Emilie Gordenker, director of the Van Gogh Museum in Amsterdam, talks to Thomas Marks about reopening the museum and how it can best serve the public in challenging times.
You joined the Van Gogh Museum on 1 February, and six weeks later the museum was forced to close due to the health crisis. How challenging was it to have just taken the reins as closure started to look inevitable?
When I started, everything was fine. In the first weeks I focused on the people in the museum: I wanted to meet everyone, and managed to meet almost all of them in person. It was important to hear what they thought was going well, where they wanted to see improvement, and to talk to them about the direction of the museum in the coming period. And then at the beginning of March I went to Maastricht for TEFAF art fair, and I remember feeling a strong sense of foreboding – I was avoiding kissing people and so on – and realising that something very serious was about to happen.
The whole management team of the museum came together to watch the Dutch prime minister’s press conference on 12 March, when he said that museums were closing on that day. It was a bit sooner than we’d expected, but that was that. We closed the doors. That’s one of the worst things imaginable in a museum; you’re there to open the doors and share the collection and knowledge about it with visitors.
How far, if at all, has the closure been an opportunity for you to get to know the museum more thoroughly?
Initially there was a period of crisis management. That meant getting everybody working from home but also – since the Van Gogh Museum is the museum in the Netherlands that earns the largest slice of its income not through subsidies – being prepared to lose money disproportionately compared to others. We had to act quickly to put projects on hold and make sure our cash flow was as healthy as it possibly could be.
Of course it’s been pretty awful from beginning to end, and not something that I would ever have wished for. But this period has also thrown into relief what ought to change at the museum. Never waste a good crisis, as you say in the UK – or at least try to make the best of the situation. One example is that over recent years 85 per cent of our visitors have been foreigners and 15 per cent have been Dutch – still a lot when you have 2.2 million visitors a year, but even so there’s a perception that the Van Gogh Museum is for tourists. This is the moment for us to reach out to our Dutch public and so that’s what we’re doing, and we hope that we can lay foundations for long-term relationships with them.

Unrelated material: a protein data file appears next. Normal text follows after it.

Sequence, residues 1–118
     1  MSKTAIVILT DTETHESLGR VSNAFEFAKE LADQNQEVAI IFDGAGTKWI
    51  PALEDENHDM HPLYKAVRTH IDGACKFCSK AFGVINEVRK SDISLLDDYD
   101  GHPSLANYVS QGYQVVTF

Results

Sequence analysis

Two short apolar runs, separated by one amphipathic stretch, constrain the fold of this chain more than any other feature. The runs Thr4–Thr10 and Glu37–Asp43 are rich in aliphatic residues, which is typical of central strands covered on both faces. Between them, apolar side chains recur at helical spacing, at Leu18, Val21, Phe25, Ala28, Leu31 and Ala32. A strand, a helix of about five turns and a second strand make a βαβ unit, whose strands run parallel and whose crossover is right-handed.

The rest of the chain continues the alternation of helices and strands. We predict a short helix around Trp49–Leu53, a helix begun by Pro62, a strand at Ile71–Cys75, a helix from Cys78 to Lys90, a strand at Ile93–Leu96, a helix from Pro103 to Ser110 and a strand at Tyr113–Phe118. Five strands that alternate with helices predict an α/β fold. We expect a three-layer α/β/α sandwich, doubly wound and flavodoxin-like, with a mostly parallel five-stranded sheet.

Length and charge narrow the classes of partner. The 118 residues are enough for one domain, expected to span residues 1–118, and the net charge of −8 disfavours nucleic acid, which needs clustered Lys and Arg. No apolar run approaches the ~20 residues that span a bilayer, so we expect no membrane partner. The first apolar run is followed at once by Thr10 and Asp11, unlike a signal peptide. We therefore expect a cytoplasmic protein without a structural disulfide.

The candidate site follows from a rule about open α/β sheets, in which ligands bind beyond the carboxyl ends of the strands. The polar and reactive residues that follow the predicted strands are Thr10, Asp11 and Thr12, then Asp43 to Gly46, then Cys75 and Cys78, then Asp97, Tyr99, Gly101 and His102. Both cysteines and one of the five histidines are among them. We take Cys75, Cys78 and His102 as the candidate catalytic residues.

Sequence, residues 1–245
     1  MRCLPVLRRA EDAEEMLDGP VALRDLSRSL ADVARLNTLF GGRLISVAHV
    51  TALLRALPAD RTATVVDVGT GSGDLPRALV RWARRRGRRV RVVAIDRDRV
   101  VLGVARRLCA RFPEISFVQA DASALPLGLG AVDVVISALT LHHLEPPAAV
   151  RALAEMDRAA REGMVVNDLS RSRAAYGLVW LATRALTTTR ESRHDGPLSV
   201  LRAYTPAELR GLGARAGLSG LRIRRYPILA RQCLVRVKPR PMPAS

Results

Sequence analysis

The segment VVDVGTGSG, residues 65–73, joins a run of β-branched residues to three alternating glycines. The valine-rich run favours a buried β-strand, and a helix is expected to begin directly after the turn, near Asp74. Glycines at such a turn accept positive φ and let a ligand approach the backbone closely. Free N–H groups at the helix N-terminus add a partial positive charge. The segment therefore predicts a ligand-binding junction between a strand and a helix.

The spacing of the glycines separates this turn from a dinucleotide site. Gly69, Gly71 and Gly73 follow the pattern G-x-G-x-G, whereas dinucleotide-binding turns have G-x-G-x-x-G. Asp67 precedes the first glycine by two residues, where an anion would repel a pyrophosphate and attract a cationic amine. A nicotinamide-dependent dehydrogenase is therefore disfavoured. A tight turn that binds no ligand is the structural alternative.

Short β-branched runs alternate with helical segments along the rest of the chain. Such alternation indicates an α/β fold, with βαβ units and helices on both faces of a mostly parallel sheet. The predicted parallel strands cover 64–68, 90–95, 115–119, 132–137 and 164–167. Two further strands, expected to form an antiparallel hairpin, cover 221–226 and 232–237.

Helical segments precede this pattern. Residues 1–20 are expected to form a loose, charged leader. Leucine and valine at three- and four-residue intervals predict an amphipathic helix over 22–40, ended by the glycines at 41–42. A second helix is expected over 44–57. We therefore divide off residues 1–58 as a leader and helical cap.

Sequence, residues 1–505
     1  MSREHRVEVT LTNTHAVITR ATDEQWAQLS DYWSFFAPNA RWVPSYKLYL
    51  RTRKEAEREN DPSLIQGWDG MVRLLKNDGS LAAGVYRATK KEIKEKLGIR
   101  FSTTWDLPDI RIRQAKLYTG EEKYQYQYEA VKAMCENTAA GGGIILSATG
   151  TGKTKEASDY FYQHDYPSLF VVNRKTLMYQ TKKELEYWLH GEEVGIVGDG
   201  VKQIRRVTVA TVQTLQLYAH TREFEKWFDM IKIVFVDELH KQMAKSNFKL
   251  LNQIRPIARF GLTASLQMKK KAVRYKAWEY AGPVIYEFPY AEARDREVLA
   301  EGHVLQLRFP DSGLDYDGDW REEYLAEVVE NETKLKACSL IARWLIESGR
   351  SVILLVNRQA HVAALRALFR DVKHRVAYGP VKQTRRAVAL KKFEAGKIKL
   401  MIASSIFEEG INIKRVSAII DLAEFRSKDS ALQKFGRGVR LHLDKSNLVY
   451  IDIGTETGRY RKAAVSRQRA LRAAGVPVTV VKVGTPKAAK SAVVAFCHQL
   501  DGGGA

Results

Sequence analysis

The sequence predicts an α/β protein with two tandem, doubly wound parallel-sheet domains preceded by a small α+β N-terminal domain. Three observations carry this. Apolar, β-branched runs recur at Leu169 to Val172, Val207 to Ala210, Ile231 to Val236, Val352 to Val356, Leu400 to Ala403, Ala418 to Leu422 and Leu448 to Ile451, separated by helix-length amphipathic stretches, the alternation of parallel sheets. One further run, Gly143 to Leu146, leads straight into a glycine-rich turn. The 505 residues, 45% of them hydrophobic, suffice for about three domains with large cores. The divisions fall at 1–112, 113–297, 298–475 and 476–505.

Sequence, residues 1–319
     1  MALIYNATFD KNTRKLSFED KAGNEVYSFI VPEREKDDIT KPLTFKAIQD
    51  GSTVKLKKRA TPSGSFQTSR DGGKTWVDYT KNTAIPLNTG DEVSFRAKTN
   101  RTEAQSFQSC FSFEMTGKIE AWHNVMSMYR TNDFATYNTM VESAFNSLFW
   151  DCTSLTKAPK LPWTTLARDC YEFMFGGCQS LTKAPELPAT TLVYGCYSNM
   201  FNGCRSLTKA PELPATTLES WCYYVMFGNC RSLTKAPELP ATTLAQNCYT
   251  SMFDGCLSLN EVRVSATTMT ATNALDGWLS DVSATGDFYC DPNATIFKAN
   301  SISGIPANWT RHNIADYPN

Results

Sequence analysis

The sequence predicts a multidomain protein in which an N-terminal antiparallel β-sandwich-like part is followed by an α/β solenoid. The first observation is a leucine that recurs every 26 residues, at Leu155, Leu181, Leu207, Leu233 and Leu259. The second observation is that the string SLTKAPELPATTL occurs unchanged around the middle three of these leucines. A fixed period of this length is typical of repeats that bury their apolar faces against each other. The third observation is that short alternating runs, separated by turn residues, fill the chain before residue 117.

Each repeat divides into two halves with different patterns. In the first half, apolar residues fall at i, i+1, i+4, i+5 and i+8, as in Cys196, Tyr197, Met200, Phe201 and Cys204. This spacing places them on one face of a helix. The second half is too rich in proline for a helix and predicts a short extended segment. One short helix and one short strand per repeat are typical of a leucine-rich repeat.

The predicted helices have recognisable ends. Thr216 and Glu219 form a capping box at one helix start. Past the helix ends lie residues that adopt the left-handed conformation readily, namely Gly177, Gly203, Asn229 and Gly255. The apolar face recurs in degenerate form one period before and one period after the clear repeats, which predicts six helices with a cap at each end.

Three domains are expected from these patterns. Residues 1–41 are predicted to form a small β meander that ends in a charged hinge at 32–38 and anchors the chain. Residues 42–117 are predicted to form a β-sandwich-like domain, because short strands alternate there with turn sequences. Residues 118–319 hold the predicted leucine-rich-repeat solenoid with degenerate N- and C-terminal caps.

Has your sense of what museums are for, and what they mean to you, changed at all during this period?
It’s reaffirmed the core mission, which is bringing people into contact with wonderful works of art. There’s a real hunger among people to step away from their computer screens, to get out of their houses and do something that will give them a moment to think a little more deeply and enjoy the world again. I can think of no artist who provides that more successfully than Vincent van Gogh. It’s so often said that he offers a sense of comfort and joy – not my words, but what we hear repeatedly from visitors.
At the same time, museums can use this period to reassess how they’ve traditionally done things. A lot of us are having conversations about the future of big, expensive loan shows, for example, and how that relates to what you can do with your own collection. I do think that this is an opportunity to get really creative with what you have in-house.
Have there been any specific logistical challenges in implementing social-distancing measures in the Van Gogh Museum?
We did a lot of work on this in the lead-up to reopening on 1 June – which was a very joyous day! We’ve taken the Dutch government’s guidelines and implemented them, which has meant considering a lot of practical details, from how people show their tickets and what happens at the entrance to whether you can give out multimedia tours safely, what to do with coats and so on.